When Donn Fendler emerged after being lost on the mountain, his rescue was a balm to the nation.  His survival let others see things in themselves that they hadn’t thought about, or dared to believe in.  And for him, those nine days shaped the course of his life. He credited his survival to his faith, and his determination to see his father and brothers and mother – so the story of being lost was really more about hope, perseverance, and love.  Fendler’s father had a business making clerical vestments and church supplies, and I love how that exterior work is such a complement to the inner transformation; of finding the holy and witnessing the laws of creation.  Fendler returned to Katahdin every summer for the rest of his life, which ended this past October, and at his request, his ashes were brought to the top of Katahdin, and scattered to the wind.

My men obviously did return from Katahdin, essentially unscathed but definitely humbled; with an appreciation for the scale of this world, and our radical dependence on grace to survive.  They did it.  The weather cooperated.  But they had travelled too lightly – left the water in the car rather than carry the weight – and had to be given drink by passing strangers, and food from fellow climbers.  And they were impressed by the realization that – as hard as it was to reach the summit, the descent was far more brutal.  Back to earth, changed and yet with nothing changed.  In a letter about his climb, Thoreau said he felt as if he had been translated while up there, but it is after we get home that we really go over the mountain, if we ever do.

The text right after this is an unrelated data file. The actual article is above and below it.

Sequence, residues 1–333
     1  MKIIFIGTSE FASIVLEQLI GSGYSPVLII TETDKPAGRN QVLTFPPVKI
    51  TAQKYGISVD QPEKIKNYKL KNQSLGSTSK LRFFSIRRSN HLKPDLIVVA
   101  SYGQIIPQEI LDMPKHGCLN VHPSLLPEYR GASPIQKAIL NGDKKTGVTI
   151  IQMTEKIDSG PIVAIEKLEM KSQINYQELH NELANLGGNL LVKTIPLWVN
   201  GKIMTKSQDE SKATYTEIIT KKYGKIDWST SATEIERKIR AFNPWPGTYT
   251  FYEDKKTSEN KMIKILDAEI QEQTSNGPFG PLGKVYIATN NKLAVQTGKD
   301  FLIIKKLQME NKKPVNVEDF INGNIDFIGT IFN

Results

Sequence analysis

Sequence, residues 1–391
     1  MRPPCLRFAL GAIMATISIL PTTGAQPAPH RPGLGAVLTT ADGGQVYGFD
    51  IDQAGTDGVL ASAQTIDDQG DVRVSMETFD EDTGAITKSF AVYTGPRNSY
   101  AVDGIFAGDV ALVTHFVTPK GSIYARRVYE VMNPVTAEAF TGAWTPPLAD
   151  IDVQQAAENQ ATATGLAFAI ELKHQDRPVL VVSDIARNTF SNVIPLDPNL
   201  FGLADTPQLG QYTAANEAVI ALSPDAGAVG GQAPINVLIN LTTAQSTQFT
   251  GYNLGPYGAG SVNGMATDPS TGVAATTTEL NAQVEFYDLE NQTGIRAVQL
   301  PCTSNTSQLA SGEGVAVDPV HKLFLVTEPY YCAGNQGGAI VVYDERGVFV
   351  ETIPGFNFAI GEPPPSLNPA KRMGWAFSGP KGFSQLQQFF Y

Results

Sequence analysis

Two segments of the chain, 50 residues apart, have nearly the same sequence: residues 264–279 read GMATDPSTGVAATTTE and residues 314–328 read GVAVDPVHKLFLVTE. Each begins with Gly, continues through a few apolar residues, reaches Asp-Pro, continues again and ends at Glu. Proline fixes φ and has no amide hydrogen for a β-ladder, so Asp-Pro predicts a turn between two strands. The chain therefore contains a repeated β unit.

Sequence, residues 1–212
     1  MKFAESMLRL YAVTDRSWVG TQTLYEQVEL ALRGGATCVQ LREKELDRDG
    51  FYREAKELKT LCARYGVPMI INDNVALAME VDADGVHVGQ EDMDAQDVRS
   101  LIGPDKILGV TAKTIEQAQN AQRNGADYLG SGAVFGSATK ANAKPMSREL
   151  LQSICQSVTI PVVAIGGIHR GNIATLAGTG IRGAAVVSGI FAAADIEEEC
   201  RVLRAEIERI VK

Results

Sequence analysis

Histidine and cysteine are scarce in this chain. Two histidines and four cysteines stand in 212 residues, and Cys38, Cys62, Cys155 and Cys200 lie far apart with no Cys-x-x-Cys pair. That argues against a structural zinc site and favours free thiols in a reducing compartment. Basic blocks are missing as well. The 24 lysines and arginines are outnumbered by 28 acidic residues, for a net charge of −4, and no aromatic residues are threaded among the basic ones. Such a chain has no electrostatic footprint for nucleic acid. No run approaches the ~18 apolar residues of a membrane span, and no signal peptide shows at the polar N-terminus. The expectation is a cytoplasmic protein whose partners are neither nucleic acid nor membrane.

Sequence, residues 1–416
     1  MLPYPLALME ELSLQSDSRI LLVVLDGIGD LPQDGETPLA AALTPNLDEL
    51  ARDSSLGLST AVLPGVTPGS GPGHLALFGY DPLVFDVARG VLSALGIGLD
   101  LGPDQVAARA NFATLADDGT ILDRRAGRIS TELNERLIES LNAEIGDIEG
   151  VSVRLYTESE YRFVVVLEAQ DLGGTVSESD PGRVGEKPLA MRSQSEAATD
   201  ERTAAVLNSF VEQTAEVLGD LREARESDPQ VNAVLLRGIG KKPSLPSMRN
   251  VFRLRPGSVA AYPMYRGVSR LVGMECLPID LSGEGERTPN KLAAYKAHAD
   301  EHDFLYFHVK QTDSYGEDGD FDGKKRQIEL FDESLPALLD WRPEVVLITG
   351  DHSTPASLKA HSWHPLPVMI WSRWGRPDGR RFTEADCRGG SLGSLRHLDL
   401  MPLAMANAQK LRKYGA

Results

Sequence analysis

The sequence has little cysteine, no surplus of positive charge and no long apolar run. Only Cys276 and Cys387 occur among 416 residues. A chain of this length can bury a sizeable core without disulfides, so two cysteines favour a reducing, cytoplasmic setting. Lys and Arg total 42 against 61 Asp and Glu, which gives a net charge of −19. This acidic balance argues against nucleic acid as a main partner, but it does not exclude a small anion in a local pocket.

One summer, copying Thoreau’s Walden Pond experiment in living intentionally, Jack Kerouac worked as a fire lookout on Desolation Peak in Washington State.  One night he woke up in terror, and saw a huge black shadow in the window  “Then I saw that it had a star above it, and realized that this was the 8000 foot Mt Hozomeen looking into my window from miles away… — I .. went outside and gasped to see black mountain shapes gianting all around, and not only that but the billowing of the northern lights shifting behind the clouds. — It was a little too much for a city boy — the fear had me hiding..

But in the morning I was overjoyed to see a clear blue sky and down below, …the clouds making a marshmallow cover for all the world … while I abided in warm sunshine among hundreds of miles of snow-white peaks. …  That night I just lay on the mountain meadow side in the moonlight, head to grass, and heard the silent recognition of my temporary woes.

— Yes, so to try to attain to Nirvana when you’re already there,

to attain to the top of a mountain when you’re already there…..

I decided that when I would go back to the world down there I’d try to keep my mind clear in the midst of murky human ideas smoking like factories on the horizon,… I could walk forward, blessing the mountain, and thanking it for the lesson…”

 

Closing Words    from a letter of H.D. Thoreau’s

I keep a mountain anchored off eastward a little way, which I ascend in my dreams both awake and asleep. ….I find that I go up it when I am light-footed and earnest. It ever smokes like an altar with its sacrifice. I am not aware that a single villager frequents it or knows of it. I keep this mountain to ride instead of a horse.